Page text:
Uwe Boll take note: Author Jonathan Lethem on the trouble with adaptations

In a recent interview for the Atlantic, writer Jonathan Lethem talked on the key differences between adapting comics to film.

“The movies insist on transforming a form into another form, and yet the results fall into a hideous void between them. The mystery of the evocativeness of a comic book panel, the stillness-in-action, and the secret silence of the gutter between the two panels, is something that’s just fundamentally inaccessible to film.”

While he’s specifically talking about comics, there are some ideas here that carry into videogame adaptations. Just as speed plays a crucial part in how comics are digested and consumed, so to does it matter in videogames, where control is the primary verb. Both comics and games ask for a specific level of engagement from the reader.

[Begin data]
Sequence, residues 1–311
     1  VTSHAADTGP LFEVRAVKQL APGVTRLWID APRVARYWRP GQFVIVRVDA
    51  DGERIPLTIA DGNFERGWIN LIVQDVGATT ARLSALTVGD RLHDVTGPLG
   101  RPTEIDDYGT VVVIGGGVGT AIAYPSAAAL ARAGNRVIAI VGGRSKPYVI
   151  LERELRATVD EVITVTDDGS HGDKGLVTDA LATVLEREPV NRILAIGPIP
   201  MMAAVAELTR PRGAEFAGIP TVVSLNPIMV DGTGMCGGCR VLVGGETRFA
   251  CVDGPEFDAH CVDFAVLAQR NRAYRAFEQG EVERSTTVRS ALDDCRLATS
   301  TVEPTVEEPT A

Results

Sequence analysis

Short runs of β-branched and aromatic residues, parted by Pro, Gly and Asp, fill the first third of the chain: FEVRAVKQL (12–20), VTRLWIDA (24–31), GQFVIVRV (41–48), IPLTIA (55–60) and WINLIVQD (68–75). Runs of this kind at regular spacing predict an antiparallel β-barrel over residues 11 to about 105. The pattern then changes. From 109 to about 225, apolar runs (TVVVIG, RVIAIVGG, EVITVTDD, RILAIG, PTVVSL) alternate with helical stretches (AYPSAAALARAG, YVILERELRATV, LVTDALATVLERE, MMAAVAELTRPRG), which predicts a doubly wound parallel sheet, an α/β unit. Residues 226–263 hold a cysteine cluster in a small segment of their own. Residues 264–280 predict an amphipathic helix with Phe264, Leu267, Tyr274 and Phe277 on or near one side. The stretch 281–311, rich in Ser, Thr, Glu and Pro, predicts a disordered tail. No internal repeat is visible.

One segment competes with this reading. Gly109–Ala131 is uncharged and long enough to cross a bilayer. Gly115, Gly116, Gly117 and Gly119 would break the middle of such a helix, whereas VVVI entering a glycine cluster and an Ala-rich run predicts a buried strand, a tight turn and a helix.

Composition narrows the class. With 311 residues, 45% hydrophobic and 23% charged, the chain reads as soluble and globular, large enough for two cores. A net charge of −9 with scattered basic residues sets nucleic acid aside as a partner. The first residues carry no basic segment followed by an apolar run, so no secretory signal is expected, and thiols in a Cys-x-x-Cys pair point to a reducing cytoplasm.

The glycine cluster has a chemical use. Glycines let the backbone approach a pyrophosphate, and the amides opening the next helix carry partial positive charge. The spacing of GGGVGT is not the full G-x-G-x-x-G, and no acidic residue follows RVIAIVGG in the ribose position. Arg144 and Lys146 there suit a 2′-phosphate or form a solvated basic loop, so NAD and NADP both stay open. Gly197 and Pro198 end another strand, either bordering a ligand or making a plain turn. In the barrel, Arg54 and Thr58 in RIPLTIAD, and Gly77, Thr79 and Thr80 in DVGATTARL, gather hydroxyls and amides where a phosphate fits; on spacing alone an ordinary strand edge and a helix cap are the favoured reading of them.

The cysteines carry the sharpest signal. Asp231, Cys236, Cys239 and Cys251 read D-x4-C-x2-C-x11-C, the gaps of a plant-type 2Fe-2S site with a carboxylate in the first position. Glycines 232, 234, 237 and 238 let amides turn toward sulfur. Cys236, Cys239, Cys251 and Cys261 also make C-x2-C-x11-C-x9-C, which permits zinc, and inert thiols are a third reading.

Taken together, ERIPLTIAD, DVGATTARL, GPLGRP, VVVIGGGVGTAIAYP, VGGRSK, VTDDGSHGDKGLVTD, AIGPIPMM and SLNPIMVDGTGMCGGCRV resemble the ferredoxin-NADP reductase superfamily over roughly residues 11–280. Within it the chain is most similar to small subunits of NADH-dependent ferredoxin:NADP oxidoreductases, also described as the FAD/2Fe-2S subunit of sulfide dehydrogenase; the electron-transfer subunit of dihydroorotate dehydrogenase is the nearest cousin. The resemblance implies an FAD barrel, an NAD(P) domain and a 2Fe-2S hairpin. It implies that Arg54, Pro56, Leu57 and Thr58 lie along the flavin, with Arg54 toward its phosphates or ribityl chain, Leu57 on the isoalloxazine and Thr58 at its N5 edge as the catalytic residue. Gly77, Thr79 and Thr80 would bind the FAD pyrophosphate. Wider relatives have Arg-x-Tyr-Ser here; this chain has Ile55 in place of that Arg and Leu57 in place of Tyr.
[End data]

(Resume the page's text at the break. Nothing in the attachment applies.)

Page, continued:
“The entrancement of film is that the reading protocols are invisible. You give yourself to a film, ideally, in a gigantic darkened auditorium: and it washes over you. It makes its own reality inevitable. And you don’t have to ever think about your efforts in reading or constructing it. You can’t slow or speed up that experience (I mean, now technically you can, but you don’t want to, you want to succumb). It masters you totally.”

Lethem has a collection of essays out now, The Ecstasy of Influence. Read more of the interview here.

Filipe Salgado